The 2014 Winter Olympics are set to start on Friday in Sochi, a Russian city located on the shores of the Black Sea.
There have been many controversies regarding this choice of host city (and country), but also when it comes to the expected blanket communication surveillance – communication interception, metadata collection, etc. – that Russia will effect during the Games.
US CERT has published on Tuesday a set of tips both for viewers and travelers to Sochi about the cyber-related risks they should take into consideration.
While hacktivist activity is not something they should concern themselves with, government surveillance is.
“Russia has a national system of lawful interception of all electronic communications. The System of Operative-Investigative Measures, or SORM, legally allows the Russian FSB to monitor, intercept, and block any communication sent electronically (i.e. cell phone or landline calls, internet traffic, etc.),” they explained.
“Reports of Rostelecom, Russia’s national telecom operator, installing deep packet inspection (DPI ) means authorities can easily use key words to search and filter communications. Therefore, it is important that attendees understand communications while at the Games should not be considered private.”
They also warned about the possibility of any computer or software containing sensitive or encrypted data being confiscated by Russian authorities when they depart from the country.
“Travelers may want to consider leaving personal electronic devices (e.g. laptops, smartphones, tablets) at home or alternatively bring loaner devices that do not already store sensitive data on them and can be wiped upon return to your home country. If individuals decide to bring their personal devices, consider all communications and files on them to be vulnerable to interception or confiscation,” they pointed out.
Another type of threat comes from cyber crooks and scammers looking to take advantage of the huge global interest in the Games.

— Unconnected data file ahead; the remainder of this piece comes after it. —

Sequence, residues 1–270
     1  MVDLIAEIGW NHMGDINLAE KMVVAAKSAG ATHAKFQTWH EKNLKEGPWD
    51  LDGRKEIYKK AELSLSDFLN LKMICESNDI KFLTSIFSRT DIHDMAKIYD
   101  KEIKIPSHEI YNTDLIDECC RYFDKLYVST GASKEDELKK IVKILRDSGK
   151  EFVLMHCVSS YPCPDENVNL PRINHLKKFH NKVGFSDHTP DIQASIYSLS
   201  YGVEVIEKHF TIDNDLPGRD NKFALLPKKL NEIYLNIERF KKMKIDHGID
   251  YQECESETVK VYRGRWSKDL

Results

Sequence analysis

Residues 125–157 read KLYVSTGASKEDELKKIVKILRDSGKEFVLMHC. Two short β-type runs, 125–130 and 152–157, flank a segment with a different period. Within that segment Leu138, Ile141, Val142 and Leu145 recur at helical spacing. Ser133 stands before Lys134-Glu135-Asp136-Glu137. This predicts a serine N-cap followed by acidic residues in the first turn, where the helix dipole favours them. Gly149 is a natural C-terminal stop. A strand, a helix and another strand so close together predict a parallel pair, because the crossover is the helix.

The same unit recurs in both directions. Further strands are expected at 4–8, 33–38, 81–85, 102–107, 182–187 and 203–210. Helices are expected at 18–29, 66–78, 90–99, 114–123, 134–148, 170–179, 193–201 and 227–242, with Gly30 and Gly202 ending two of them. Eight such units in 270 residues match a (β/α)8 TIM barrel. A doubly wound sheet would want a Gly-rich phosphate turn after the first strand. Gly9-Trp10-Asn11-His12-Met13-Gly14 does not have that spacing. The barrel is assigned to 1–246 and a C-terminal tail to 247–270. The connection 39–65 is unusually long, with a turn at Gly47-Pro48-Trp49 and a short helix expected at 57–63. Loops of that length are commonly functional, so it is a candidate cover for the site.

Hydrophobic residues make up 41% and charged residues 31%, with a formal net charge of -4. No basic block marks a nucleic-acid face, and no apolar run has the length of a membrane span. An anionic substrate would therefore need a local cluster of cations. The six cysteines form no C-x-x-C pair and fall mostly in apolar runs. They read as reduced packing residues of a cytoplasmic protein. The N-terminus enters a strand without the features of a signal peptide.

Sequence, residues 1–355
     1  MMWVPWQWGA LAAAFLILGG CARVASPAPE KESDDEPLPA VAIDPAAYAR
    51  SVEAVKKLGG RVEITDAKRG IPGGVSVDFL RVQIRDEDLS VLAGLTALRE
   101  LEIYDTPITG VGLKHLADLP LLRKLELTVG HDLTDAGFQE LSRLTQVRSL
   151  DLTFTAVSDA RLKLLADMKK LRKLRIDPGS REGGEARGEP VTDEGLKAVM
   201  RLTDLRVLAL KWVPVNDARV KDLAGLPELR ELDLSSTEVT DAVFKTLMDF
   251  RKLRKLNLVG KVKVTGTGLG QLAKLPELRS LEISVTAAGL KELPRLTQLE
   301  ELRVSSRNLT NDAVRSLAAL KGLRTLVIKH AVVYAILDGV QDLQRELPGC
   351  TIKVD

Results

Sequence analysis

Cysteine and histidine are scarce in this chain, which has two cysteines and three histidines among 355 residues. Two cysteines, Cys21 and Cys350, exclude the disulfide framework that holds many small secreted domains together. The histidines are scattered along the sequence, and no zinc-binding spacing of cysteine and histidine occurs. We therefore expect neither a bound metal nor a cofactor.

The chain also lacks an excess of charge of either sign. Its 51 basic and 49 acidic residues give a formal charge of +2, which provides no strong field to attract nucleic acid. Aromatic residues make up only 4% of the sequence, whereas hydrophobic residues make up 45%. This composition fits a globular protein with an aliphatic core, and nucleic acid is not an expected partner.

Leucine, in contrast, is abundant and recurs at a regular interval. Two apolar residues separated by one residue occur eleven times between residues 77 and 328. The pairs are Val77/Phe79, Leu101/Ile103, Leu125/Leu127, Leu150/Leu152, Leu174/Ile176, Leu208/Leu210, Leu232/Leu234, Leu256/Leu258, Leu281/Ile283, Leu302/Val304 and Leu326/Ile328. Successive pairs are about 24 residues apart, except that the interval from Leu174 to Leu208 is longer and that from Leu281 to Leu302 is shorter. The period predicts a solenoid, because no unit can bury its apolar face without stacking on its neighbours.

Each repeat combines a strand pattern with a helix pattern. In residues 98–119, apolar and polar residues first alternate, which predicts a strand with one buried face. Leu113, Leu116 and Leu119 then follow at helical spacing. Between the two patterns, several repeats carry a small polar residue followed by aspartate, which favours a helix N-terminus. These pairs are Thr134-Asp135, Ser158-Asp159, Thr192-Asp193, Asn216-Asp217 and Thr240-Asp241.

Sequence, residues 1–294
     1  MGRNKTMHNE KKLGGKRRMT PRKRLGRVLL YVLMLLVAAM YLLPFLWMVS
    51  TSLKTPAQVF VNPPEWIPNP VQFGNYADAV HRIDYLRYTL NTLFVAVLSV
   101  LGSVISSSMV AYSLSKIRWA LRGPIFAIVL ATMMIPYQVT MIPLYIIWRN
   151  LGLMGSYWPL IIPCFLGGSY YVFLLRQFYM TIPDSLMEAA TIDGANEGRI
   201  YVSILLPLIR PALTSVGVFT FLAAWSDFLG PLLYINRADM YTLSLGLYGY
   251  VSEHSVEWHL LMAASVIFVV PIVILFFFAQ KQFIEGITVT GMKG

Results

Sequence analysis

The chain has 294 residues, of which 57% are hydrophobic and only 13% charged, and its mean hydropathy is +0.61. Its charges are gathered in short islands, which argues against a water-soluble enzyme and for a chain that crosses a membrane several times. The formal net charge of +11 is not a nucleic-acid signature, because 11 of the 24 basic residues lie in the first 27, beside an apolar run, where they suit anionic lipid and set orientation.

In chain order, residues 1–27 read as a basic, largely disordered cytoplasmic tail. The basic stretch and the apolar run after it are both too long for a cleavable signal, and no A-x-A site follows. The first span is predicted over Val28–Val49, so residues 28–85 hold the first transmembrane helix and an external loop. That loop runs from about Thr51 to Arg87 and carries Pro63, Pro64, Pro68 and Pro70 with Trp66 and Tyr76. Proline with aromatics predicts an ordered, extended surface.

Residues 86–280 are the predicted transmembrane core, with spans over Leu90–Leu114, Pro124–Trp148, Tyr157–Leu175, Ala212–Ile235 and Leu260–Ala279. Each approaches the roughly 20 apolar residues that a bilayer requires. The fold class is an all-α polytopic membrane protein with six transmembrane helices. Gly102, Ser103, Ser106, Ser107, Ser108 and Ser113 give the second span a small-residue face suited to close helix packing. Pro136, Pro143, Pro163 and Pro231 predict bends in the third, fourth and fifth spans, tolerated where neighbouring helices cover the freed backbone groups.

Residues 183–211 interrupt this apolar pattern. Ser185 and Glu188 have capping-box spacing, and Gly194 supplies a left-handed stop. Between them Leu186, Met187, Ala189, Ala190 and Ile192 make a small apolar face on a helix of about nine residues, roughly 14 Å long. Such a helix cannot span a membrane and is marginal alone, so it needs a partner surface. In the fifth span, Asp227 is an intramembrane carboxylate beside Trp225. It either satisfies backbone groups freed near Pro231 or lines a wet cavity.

Internet users are advised to be careful when viewing live coverage, event replays, or checking medal statistics online.
“Events which gain significant public interest and media coverage are often used as lures for spam or spearphishing campaigns. Malicious actors may also create fake websites and domains that appear to be official Olympic news or coverage that can be used to deliver malware to an end user upon visiting the site,” they noted.
“Viewers should be wary of any other source claiming to provide live coverage. As always, it is best to visit trusted resources directly rather than clicking on emailed links or opening attachments.”
In addition, if you are looking to buy tickets, use the Website Checker tool (at the end of this page) to see whether the website you’re planning to buy the tickets from is an Authorised Ticket Reseller.
NBC News has a short report on the dangers visitors face by using their Internet-enabled devices, but unfortunately doesn’t go into much detail on how the compromises happen.
But the danger is real: from insecure public WiFi networks and rogue access points; Bluetooth attacks, malicious charging stations, to malicious downloads masquerading as updates or patches, and device theft.
Actually, the best thing to do if you’re not tech-savvy is to not bring your own phone or laptop with you at all, or bring it but clean it thoroughly of every shred of sensitive information before visiting.
Disable Wi-Fi, Bluetooth and NFC on the devices, don’t log into sensitive accounts while you’re there, don’t accept unsolicited downloads, and don’t (if you can help it) use third-party charging or storage services.